Do Monkeys Reject Unequal Pay?

By Darren Smith, Weekend Contributor

capuchin-monkey-in-leavesA vital question of social equality was tested recently before the scientific community. Do monkeys accept the social justice issue of equal pay?

We have uncovered an experiment that shows quite conclusively the answer to this question.

Video below the fold…

By Darren Smith

The views expressed in this posting are the author’s alone and not those of the blog, the host, or other weekend bloggers. As an open forum, weekend bloggers post independently without pre-approval or review. Content and any displays or art are solely their decision and responsibility.

219 thoughts on “Do Monkeys Reject Unequal Pay?”

  1. Nick,

    What is a feminist? I have never fully figured that one out.

  2. Without the original feminists the young women of today wouldn’t be as assertive as they are. In one breath some people denigrate feminists, young AND old, in the other breath they brag on the accomplishments of young women today. 30 years ago our daughters wouldn’t be where they are today and today young women aren’t as far as they could be, if it weren’t for the instructionaled sexism. So some don’t understand that the ” old” feminists paved the way. Blind ignorance.

  3. BFM, I said the same as you earlier about our daughter’s generation. They get it. And, Title 9 has helped, having them learning how to compete, and like it.We have only the original feminists here, as far as I can tell. I often hope young women and men would join this blog. I hoped Jonathan’s students might chime in, but that hasn’t happened as far as I can see. We’ve gotten more diversity here, but we have a long way to go.

  4. Mhj,

    Trust me the truth is better. Less stress, less chance if stroke. Please do as you said. I am sure someone you know would take you to the hospital. Tell me you address and I am sure I could have an emergency team respond. That I promise.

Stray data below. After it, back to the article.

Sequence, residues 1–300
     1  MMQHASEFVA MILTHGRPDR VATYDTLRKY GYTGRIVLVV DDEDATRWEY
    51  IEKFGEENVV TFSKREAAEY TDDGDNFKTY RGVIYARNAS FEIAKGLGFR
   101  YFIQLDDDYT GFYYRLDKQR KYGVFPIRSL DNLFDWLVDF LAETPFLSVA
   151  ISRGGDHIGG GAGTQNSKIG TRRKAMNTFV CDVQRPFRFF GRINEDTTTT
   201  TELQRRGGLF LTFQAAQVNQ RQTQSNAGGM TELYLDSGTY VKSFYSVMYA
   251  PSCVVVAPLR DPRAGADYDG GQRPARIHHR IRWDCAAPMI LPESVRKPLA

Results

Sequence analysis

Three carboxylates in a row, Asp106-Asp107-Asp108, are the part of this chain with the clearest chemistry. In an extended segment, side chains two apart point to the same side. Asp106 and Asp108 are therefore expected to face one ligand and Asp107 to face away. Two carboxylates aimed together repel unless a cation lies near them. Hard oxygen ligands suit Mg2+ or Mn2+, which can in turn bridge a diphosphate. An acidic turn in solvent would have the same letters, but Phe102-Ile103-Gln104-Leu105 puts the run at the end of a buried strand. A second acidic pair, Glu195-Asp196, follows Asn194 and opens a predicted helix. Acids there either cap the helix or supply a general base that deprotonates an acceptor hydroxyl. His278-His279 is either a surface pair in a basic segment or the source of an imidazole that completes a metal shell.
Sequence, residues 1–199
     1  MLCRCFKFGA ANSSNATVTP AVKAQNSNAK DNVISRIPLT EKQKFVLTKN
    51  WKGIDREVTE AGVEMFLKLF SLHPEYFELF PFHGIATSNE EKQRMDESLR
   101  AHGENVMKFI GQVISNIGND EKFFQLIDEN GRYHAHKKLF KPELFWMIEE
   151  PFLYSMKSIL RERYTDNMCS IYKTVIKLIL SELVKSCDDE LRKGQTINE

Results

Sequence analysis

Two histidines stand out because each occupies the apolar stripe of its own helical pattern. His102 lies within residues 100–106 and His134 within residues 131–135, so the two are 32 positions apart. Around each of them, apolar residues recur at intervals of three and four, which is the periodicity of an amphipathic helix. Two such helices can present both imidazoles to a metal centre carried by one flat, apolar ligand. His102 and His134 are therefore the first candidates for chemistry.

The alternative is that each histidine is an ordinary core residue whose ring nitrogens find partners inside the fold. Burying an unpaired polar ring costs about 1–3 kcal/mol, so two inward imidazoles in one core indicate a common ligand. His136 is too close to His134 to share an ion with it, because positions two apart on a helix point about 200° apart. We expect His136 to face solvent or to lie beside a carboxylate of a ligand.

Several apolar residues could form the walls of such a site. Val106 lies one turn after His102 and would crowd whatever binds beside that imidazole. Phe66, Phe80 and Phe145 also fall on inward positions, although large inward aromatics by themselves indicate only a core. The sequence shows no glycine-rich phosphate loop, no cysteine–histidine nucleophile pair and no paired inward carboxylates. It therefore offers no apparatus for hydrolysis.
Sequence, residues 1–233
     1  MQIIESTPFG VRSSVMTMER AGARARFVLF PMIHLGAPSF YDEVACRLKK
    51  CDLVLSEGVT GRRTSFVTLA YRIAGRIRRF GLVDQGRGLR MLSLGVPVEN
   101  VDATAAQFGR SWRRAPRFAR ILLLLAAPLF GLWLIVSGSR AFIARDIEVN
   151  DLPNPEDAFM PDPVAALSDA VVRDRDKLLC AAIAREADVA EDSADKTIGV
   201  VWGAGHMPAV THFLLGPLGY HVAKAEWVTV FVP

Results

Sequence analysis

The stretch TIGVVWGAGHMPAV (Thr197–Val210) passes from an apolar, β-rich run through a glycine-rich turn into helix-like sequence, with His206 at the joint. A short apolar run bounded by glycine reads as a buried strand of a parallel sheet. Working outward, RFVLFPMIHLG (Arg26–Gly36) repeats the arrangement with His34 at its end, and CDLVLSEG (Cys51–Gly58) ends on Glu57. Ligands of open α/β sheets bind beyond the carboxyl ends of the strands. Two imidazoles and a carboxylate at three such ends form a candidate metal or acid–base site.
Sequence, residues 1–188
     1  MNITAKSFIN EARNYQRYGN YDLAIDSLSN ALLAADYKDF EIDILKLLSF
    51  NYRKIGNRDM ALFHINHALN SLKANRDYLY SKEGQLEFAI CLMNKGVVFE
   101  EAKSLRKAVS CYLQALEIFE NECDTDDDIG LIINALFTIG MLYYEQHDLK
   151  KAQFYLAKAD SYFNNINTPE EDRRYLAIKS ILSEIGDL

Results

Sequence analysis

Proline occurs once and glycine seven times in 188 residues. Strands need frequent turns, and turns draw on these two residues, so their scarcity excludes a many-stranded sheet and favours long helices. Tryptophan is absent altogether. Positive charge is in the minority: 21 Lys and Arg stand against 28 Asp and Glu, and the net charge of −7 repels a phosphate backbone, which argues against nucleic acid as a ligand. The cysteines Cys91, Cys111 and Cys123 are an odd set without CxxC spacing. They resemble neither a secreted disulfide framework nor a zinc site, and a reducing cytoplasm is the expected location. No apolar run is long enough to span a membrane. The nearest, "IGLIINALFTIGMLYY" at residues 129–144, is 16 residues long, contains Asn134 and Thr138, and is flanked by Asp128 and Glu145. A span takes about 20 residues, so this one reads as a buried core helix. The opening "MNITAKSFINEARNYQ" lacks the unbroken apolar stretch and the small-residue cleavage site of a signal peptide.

5. BFM, Science has become politicized. They get funding for the correct results. They are bought by corporations and government. It is APPALLING and does not bode well for making informed decisions on facts, not feelings.

  6. Thanks for the remarks, Nick. Congratulations to your daughter. The succeeding generation is often even tougher and better adapted than the first, so I am pretty sure she will do just fine.

  7. Darren has posted 2 very interesting and thought provoking pieces today.

  8. BFM, The most recent studies have been conducted on recent graduates[aforementioned Huffpo reference up thread], male and female, first jobs out of college. I’ve not seen any marriage data but certainly the vast majority are unmarried. Women still take the first offers 5-8 times more than men. If you start out lower because of timidity you’re playing catch up. And as I said, many HR people are women. They know women, and give them lower offers, knowing they’ll take them. Just like women waiters can pick out the crappy women tippers, and there are a lotta them! This isn’t playing Candyland, this is the real world. My daughter was given an offer by her employer. She gave an alternative, 7k more or a Roth IRA matching contribution for her contributions up to 7k. Her employer took the latter, both are happy. I knew my daughter was going to do fine when we took her to the Bahamas when she was 12. We went to a market and she was arguing, bargaining, for trinkets. The Bahamian women loved it, as did my daughter. Maybe this weak kneed Ivy League women need to go to 3rd world markets and learn how to be tough.

    1. Elaine – that is as specific as I am going to get right now. Couple of hours earlier I would have looked for them. But you are a capable researcher so I know you can find them.

  9. bfm – had not heard about problems duplicating studies except where there was some kind of fraud involved.

    1. I did not document when I read about difficulties replicating scientific studies. But I just Googled ‘problems replicating studies’ and there are more than a few articles beginning with the Economist and including APA, Nature, The Boston Globe, Salon.